Monday, October 03, 2005

My Friend's Son and the Boy Scouts

I've been gone for a week with no internet access (20th high school reunion-will post about it later). This Indianapolis Star newspaper story about some friends of ours from church who were trying to enroll one of their kids in Boy Scouts was waiting for me when I got back. (Duane, thanks for giving me the heads up.)

Ruth Holladay

Boy Scouts Shut Dad Out of Events at Public School

When Dave Wendling's 6-year-old son expressed an interest in joining the Boy Scouts of America's Tiger Cubs at his Lawrence Township school, dad was front and center at the organizational meeting. But was he straight? As in "morally straight"?

Wendling, 47, a 15-year regional manager with the mortgage lender Freddie Mac, is a partner, son, brother, good neighbor, hard worker and involved dad, he said. But he is not, by the Boy Scouts' definition, morally straight. He's gay.
He is also the father who stepped up to the plate at the meeting. When nobody in his small group volunteered to be a leader, Wendling did. "It is a very positive program," said Wendling, who was in Boy Scouts himself. "The kids get immediate rewards by following certain guidelines. They make friends and they get good messages."

But how good a message is discrimination? Or using public property as a haven for bias? Those are questions Wendling is raising following his experience. They've been asked elsewhere in the nation, where lawsuits have challenged taxpayer sponsorship of Boy Scout troops. Chicago schools have cut all ties with Boy Scouts. So have military bases. This may be the first time the issue has gone public in Indiana.

Wendling came home from the meeting and told his partner, Rog Hayes, that he had volunteered as a leader. Hayes immediately "raised red flags," reminding Wendling of the BSA's refusal to allow gays. The next day, Wendling called Mike Cimarossa, the dad in charge of the recruitment meeting, and told him he was gay. Cimarossa called Scout officials. Although personally supportive, Cimarossa said, he had to give Wendling the word: He could not lead the troop. He could not even attend an upcoming overnight event at school with his son.

A reasonable man, Wendling said he understands the BSA position. "Part of me says I don't like it, but I get it -- private organizations can exclude." But how can the Scouts tell him he's not welcome at Scout events at school, he asks? Why should a private group be allowed to use a public facility to exclude him?

The questions are familiar to Gina Farrar, director of public and corporate relations for the local Crossroads of America Council of BSA. "Dave is correct that there are a lot of issues coming up here," she said. "We as a council adhere to the national policy, but we don't seek trouble. He could chaperone, but not in a leadership capacity."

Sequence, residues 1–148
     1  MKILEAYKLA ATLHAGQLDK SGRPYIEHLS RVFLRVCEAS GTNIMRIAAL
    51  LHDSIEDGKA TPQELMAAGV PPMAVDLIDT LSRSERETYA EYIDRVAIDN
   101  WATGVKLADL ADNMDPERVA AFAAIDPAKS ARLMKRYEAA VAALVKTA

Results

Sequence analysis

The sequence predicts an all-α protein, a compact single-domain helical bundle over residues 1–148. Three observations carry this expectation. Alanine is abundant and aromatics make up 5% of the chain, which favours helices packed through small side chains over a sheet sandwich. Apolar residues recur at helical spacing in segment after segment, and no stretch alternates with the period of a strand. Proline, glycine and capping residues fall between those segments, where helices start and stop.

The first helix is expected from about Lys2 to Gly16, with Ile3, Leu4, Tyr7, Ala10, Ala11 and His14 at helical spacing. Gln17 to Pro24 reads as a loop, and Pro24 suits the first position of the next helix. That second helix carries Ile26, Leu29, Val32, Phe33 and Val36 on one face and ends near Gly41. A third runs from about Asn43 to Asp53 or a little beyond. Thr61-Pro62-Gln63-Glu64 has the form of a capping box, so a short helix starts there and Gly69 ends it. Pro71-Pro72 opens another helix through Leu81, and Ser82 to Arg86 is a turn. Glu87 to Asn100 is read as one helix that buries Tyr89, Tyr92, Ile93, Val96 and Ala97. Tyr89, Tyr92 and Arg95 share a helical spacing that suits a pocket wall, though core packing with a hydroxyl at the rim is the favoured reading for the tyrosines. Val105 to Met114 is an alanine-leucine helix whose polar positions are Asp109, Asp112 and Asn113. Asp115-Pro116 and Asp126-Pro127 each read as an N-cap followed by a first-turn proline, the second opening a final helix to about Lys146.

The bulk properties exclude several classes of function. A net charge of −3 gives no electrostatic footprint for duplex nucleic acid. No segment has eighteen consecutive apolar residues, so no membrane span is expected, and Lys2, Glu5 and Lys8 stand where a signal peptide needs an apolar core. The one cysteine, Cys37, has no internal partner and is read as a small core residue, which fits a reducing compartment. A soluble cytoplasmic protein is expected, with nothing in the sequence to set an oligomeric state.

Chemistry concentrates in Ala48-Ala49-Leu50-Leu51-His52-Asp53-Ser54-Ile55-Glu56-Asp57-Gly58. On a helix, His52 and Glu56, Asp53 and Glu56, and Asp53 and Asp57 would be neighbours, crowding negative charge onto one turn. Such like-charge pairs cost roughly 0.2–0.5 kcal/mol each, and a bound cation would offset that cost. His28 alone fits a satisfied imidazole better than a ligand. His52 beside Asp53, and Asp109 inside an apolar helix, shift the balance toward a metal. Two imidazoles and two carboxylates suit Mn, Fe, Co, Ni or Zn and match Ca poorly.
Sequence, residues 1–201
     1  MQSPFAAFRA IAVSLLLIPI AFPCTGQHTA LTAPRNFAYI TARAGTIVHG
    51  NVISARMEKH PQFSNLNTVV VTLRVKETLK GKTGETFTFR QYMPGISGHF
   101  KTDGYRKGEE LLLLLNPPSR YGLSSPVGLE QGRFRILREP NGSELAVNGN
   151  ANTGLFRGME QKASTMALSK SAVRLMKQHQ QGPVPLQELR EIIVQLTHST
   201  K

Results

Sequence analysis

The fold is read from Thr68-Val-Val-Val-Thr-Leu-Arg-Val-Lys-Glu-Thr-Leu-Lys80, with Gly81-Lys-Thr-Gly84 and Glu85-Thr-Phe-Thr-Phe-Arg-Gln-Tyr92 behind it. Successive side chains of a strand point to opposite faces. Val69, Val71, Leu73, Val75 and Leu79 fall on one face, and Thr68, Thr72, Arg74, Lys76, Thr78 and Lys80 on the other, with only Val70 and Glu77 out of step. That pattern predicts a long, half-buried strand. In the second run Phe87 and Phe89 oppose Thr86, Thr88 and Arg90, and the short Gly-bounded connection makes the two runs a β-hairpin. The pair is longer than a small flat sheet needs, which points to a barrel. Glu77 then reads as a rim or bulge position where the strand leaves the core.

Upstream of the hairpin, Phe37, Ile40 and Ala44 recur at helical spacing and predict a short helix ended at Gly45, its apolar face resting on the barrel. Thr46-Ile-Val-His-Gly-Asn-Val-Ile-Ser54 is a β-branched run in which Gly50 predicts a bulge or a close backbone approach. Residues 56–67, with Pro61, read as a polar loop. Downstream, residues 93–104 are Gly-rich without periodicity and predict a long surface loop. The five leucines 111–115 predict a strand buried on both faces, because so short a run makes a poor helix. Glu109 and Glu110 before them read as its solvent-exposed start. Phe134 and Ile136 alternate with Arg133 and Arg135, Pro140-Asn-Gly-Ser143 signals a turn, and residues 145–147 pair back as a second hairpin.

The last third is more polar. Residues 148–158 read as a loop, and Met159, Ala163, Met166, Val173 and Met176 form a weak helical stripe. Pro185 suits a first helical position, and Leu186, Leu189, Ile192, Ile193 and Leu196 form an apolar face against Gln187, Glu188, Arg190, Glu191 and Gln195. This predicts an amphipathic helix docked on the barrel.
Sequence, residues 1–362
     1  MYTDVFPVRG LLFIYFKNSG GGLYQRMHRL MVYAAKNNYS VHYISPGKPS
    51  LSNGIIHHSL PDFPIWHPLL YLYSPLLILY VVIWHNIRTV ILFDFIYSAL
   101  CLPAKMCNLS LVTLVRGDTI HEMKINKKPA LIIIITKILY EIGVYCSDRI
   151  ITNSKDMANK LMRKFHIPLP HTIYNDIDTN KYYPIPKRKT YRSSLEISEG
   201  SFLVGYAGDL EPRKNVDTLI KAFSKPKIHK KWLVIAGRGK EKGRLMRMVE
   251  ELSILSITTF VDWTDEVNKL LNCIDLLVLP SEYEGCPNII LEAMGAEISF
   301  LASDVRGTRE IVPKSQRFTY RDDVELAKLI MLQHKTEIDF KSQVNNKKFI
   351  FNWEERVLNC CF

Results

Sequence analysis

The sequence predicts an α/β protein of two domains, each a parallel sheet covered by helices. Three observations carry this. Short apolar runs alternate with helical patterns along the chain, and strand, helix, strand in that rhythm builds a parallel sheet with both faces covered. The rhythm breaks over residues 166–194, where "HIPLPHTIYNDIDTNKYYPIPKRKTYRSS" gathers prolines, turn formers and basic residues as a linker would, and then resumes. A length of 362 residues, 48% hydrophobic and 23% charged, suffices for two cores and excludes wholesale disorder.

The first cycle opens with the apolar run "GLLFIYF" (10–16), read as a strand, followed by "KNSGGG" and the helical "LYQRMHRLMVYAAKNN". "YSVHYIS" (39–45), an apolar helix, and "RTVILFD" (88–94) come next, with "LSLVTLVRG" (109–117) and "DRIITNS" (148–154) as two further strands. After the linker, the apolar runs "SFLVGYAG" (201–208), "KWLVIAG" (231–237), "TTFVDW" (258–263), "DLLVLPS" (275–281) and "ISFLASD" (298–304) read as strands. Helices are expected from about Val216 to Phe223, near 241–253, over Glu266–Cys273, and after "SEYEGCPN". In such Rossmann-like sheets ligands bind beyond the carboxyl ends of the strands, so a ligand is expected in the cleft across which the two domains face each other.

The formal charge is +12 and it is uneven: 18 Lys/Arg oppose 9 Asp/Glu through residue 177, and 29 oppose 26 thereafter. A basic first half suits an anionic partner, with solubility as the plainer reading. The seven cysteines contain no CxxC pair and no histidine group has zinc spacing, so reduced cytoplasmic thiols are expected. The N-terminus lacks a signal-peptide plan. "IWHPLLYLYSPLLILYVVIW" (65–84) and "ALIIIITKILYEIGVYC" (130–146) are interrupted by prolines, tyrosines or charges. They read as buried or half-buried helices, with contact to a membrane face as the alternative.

Lawrence Schools Assistant Superintendent Duane Hodgin set the stage for more dialogue. The district, he said, has a firm human dignity policy. "He can come to anything at school that has to do with Scouts." But Wendling isn't sure if it's worth it. He's signed his son up for gymnastics and is checking out Camp Fire USA.

Dave and Roger are not attention-grabbing politcos. They are loving and intelligent parents who are raising two loving and intelligent kids. Part of parenting involves doing what is right in the face of difficulty. I know they thought long and hard about bringing this kind of attention to their family, since in this part of the world it can be accompanied by harrassment and threats of violence. I applaud them for being honest with their school district and the city about the problems that arise when tax-funded sites exclude law-abiding citizens.

Dave and Roger are not the only gay parents out there facing this kind of problem. I recently learned of another same-sex couple who were told that their daughter might attend a particular academy as long as no more than one of the parents attended school functions. Is that kind of decision in the best interest of the child?

There are many other similar stories, but I bet you've never heard them. Keep in mind that many of these problems are not told in public. Rather than raise trouble for their family, many parents quietly adjust their lives and whisper their struggles only to other parents in the same boat. Consequently, the public rarely has a chance to make good decisions about what is right and wrong with these situations. In the meantime, prejudices as well as family-corrosive legislation persist.

I want to honor Dave and Roger for breaking what might easily have been their silence. You set a good example for many other parents, gay and straight, who, while committed to American values may be hesitant to speak up. I'm also grateful that Ruth Holladay picked up their story. I may have to drop her a line, too.


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